In September, 1925, there was founded the Fox - Case Corporation from the system developed by an ex-partner of Of Forest, the Movietone. This one was the first system of sound in the viable cinema controlled by a Hollywood Studio. The following year, the Fox bought the American rights of the system Tri-Ergon, though they it found the Movietone low and impossible to integrate with the previous system.

Another system that was improved during this epoch was the one that was recording the sound on the discs of the phonograph. The phonograph was connecting to a modified projector, which was allowing the synchronization. In 1921, a Photokinema developed by Orlando Kellum was in use for incorporating sound sequences to Dream Street, of D.W. Griffith. As they count, dialogs were recorded; but the result did not convince and they were never in use. What yes was in use was a song, which could listen in the repremiere of the movie to the 1 º of May, 1921.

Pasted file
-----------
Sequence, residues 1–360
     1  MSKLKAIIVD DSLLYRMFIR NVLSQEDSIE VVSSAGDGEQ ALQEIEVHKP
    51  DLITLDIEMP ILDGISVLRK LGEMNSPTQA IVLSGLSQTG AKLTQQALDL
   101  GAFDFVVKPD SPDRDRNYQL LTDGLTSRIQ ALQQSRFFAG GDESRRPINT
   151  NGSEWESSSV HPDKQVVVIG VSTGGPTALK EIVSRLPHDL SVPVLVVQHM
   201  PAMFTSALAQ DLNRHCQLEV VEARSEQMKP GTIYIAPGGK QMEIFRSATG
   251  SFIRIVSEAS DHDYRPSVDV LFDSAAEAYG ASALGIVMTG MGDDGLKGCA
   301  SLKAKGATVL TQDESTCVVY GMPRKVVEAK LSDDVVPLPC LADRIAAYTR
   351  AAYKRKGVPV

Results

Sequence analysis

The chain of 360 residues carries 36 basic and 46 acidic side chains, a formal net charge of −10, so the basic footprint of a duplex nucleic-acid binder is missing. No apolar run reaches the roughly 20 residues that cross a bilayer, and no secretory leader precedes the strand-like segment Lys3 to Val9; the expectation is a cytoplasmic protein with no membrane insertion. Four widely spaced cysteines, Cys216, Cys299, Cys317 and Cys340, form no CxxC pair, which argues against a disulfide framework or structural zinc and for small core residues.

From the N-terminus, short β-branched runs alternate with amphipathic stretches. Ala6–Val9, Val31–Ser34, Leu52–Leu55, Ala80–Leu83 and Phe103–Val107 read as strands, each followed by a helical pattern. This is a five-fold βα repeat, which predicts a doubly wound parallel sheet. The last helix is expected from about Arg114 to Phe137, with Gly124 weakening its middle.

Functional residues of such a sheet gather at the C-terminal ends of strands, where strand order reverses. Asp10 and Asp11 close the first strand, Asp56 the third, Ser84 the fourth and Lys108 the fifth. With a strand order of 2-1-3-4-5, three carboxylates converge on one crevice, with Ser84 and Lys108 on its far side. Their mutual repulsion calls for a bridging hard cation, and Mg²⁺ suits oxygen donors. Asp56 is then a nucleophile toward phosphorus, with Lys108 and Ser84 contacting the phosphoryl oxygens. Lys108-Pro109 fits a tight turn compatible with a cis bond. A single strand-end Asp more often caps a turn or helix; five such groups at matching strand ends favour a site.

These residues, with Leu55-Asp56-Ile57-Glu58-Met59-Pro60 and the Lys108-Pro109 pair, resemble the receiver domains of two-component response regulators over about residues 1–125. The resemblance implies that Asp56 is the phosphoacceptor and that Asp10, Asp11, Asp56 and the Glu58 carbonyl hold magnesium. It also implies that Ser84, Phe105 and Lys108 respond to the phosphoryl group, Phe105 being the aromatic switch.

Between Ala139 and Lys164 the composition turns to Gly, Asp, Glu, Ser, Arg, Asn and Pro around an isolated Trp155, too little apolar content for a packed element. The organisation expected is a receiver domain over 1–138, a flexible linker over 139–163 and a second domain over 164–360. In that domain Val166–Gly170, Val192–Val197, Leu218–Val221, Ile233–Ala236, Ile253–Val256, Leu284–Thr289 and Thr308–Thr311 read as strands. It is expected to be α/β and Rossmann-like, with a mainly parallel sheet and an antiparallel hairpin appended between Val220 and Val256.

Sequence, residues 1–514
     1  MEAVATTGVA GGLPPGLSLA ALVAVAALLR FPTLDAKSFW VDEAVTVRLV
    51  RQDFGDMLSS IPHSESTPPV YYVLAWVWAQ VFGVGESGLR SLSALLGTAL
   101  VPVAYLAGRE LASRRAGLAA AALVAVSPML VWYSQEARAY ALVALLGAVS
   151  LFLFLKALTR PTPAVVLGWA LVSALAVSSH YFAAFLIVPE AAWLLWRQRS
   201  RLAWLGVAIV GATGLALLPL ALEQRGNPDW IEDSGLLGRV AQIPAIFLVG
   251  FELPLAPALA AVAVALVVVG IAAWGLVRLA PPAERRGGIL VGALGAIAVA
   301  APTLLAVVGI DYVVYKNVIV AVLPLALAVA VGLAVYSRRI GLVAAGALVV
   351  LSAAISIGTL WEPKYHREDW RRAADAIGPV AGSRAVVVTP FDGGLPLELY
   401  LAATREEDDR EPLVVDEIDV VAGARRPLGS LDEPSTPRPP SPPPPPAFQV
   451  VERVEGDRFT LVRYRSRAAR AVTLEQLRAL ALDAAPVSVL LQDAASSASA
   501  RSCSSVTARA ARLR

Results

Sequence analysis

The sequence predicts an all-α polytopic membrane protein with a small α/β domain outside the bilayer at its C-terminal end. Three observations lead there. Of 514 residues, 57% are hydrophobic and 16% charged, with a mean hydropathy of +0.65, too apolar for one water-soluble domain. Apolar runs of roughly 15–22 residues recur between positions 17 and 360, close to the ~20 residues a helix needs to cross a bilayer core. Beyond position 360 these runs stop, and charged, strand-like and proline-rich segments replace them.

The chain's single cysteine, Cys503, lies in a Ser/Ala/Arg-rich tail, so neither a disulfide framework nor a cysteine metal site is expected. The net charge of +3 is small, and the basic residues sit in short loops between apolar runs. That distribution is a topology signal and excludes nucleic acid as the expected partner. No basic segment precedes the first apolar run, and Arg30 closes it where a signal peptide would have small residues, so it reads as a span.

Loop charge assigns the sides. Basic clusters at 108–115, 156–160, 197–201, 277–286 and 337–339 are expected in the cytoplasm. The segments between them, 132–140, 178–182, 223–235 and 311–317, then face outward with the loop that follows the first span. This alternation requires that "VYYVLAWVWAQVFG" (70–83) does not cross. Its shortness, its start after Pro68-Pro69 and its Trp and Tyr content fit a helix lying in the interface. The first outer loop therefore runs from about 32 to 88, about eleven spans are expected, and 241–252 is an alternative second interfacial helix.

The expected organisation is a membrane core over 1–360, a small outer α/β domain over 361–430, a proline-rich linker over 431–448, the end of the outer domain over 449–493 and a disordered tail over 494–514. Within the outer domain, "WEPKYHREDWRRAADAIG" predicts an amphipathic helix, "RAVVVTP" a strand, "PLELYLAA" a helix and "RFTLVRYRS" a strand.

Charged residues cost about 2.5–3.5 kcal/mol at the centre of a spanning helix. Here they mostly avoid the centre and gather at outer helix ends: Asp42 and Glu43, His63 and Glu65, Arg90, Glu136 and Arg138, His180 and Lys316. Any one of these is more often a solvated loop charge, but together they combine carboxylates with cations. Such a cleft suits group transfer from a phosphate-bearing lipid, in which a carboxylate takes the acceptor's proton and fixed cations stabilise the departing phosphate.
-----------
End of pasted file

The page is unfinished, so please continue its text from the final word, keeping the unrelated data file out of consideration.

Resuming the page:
In 1925, the Warner Bros began to experiment with the same system on the studies Vitagraph of New York. The new technology received a Vitaphone"s name, and was presented to the public on August 6, 1926 in Don Juan"s premiere. The movie had sonorous band and sound effects, but it did not have dialogs.